Mads Mikkelsen Source
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New Interview with Bryan Fuller in which he talks a lot about Mads.

AX: How did you decide to cast a Danish actor, Mads Mikkelsen, as Hannibal?
FULLER: Hannibal Lecter is actually Lithuanian, and Eastern European, which is not Denmark [laughs]. But the interesting thing for me was to work with Mads Mikkelsen, because I think he’s a phenomenal actor and not just in CASINO ROYALE and a lot of the big genre films that had made me aware of him through, “Hey, that’s the guy with the eye patch,” or he’s played heavies in these big science-fiction/fantasy films, but for me what did it was this film AFTER THE WEDDING. It’s a beautiful film and he plays this heartbroken man who is trying to get back a lost romance and he was so sweet and emotional and vulnerable, and I really wanted meet him, because I felt like [part of HANNIBAL is] about Hannibal Lecter trying to find a friend, because he’s lonely in his own way. I wanted to see that vulnerability, that bonding, that need for a companion to share his life with in a way that he thought would never be possible. Then along comes Will Graham, a man who empathizes with the worst of humanity, and perhaps there could be a chance for Hannibal to have a friend after all. It felt like it was such a fascinating place to take a villain. It would be very easy to [depict] Hannibal Lecter as a psychopath or a sociopath, and in the book RED DRAGON, Thomas Harris says, “He’s not really a psychopath or a sociopath, because he does understand empathy, so what kind of crazy is he, and the answer is, we don’t know.” Primarily because it’s a work of fiction, but he does not fit any of the kind of the categories of the multi-phasic tests for psychopaths. He doesn’t fit any of those columns, so [the series] looks at him not as a psycho, but as someone who was completely Other.

When [Mikkelsen’s] name entered the [casting] conversation, I was like, “Oh, my God, yes, yes, yes. Yes, absolutely.” Because I had seen AFTER THE WEDDING and was aware of what an experienced and full-bodied actor he was, or is, and I think a lot of people may have been, “Oh, well, he always plays villains.” Well, he plays the villain in American movies, but he’s actually the George Clooney of Denmark [laughs].

At the very beginning of the season, Mads comes up and he says, “I think Hannibal should be much more active and I’m really good at fight scenes, so if you write one, I will nail it.” And I was like, “Okay, great, we’ll write one.” And he did a fight sequence – all of the stunt choreographers were like, “Oh, my God, this guy is better than anyone that we’ve ever worked with like this.” His experience as a dancer really helps. He has such control of his instrument and his body, so he really is somebody that you want to see in an action sequence.

Mads Mikkelsen’s approach to the character was not to play him as Anthony Hopkins did, but here he is, this fallen angel who is capable of horrific things, but yet has an awe for humanity and an appreciation of the [human] condition. And that felt like it was such a fascinating approach to the character. And when I see the episodes again, I look at him now not as Hannibal Lecter, but as this guy [who] has that really distant look in his eyes, that infinity of thought, that goes beyond a mortal man. It’s such a smart, interesting, fresh approach to this character that Mads has taken, not that we have altered course to accommodate it, but had it climb aboard and we were all set off to the same destination.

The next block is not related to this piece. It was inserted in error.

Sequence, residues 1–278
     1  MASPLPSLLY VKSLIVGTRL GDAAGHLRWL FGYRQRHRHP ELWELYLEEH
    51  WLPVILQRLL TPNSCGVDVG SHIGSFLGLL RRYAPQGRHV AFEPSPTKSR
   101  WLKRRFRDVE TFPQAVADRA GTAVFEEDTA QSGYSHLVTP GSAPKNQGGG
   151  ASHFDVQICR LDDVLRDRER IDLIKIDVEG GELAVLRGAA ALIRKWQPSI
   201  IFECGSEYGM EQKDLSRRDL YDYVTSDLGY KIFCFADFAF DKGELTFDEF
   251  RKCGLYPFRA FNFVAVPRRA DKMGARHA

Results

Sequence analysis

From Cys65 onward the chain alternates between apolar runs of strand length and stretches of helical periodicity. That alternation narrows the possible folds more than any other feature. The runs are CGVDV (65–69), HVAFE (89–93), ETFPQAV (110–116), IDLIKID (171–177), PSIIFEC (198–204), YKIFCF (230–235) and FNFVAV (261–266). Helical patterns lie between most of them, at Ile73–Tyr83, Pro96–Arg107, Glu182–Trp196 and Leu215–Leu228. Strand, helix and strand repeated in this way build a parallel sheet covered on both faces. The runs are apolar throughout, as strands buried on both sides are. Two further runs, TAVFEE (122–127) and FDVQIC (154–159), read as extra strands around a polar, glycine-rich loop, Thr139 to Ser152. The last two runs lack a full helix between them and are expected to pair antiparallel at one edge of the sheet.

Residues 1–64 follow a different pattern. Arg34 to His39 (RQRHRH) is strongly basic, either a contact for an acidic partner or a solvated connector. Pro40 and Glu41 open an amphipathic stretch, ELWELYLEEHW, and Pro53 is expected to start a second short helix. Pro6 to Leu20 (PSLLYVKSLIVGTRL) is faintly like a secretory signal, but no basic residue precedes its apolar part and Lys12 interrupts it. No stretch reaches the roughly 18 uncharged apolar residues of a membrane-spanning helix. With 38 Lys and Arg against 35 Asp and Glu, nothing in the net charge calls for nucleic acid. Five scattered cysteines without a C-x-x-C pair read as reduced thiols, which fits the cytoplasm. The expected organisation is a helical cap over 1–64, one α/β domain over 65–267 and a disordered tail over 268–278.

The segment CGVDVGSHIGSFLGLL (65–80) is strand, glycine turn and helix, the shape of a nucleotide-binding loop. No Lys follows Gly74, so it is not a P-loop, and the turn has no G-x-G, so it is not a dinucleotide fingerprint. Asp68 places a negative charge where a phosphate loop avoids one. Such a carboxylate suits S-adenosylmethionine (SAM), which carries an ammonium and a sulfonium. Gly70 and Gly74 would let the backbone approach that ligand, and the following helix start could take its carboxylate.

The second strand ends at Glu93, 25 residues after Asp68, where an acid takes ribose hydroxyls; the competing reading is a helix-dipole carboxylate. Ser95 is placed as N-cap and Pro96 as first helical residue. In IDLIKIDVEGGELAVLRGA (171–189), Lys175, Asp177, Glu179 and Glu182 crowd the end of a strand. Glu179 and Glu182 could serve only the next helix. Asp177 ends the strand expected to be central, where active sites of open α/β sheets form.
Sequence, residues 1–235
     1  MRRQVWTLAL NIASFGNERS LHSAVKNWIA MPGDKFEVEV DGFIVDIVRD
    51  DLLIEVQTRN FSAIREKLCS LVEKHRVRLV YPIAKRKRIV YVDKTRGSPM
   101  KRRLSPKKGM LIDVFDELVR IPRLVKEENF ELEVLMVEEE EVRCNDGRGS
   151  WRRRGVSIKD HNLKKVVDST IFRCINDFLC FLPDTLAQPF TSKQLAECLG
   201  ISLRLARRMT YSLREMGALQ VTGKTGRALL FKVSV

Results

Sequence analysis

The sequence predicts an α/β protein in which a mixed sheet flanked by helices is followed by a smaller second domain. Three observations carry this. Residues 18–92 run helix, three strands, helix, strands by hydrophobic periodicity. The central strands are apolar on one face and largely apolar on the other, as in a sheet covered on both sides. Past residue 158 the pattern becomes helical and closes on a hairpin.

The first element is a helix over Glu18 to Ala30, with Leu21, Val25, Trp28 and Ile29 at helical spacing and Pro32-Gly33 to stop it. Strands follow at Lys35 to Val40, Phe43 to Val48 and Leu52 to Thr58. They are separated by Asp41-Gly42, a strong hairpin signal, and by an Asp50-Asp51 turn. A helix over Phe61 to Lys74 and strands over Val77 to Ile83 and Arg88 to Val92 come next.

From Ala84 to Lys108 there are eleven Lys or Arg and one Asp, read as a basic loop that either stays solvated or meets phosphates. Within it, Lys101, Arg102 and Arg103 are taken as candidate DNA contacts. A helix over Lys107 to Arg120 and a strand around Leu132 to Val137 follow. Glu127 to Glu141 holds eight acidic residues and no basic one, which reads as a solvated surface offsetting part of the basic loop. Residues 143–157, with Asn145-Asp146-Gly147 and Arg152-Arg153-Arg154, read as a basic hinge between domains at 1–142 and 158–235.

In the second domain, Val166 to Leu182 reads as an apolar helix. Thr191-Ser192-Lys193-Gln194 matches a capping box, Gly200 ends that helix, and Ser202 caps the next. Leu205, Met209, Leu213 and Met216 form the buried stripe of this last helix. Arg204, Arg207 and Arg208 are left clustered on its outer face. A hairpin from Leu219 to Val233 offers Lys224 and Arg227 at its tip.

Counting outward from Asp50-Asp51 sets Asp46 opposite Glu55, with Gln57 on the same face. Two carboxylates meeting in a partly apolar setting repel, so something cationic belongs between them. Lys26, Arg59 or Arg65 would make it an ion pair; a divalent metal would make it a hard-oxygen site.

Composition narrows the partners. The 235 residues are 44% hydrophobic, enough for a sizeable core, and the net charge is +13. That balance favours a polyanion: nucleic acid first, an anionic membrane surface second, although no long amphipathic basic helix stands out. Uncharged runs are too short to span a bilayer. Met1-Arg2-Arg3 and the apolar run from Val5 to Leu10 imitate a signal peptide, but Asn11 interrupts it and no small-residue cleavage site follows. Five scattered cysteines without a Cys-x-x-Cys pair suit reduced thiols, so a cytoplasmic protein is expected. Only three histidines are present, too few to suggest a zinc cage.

[Hannibal’s] arrogance is not sort of outward – there’s no dismissing of fellow man, no sense of offense or, “You have offended me, good sir.” With Hannibal, he’s not so much offended as he is kind of observational, and there are moments of his micro-expressions that [unint.] a big scene. I love the look after he snaps his patient’s [Franklin, played by Dan Fogler] neck when he’s confronted by [fellow serial killer] Budge [played by Demore Barnes] and drops [Franklin] like a bag of rocks, and just looks back at [Budge] with this innocent kind of, “Well, what’s next? What shall we do now?” It’s so delightful, because it wasn’t like, “I just killed a man because he had it coming because he was annoying,” it was like, “Well, that happened, and now I’m curious what happens next.”

AX: Before Hannibal kills Franklin, he tells Franklin he should leave. Is he sincere in wanting to let him go?
FULLER: Yes.

AX: So it’s, “If you don’t go now, I have to get rid of you”?
FULLER: Right. What I love about Hannibal is that he’s a good doctor for his patients and he wants to help them, and even though Franklin is a very annoying character and is a comic foil for Hannibal in some ways, I do think that Hannibal actually cares about Franklin and sees the flaws in his humanity and finds him endearing in some way. And there are people who see that and think, “Oh, that guy was dead from the moment we saw him,” and I’m like, “Well, this version of Hannibal would consider that rude,” because Franklin hasn’t done anything terrible in terms of his humanity. He’s clearly a lost and lonely man, and I think Hannibal has empathy for that. And when [he and Budge] are at the dinner table, Budge says, “I want to kill Franklin,” and Hannibal says, “Don’t kill Franklin.” It’s like, “Why?” With Franklin, he was just eager and lonely, so I don’t think he necessarily falls onto Hannibal’s plate [laughs], in Hannibal’s thinking. So I think right up until the moment that he snaps Franklin’s neck, he was hoping that Franklin would walk away. But [makes philosophical shrugging sound], eh.

Read the whole interview

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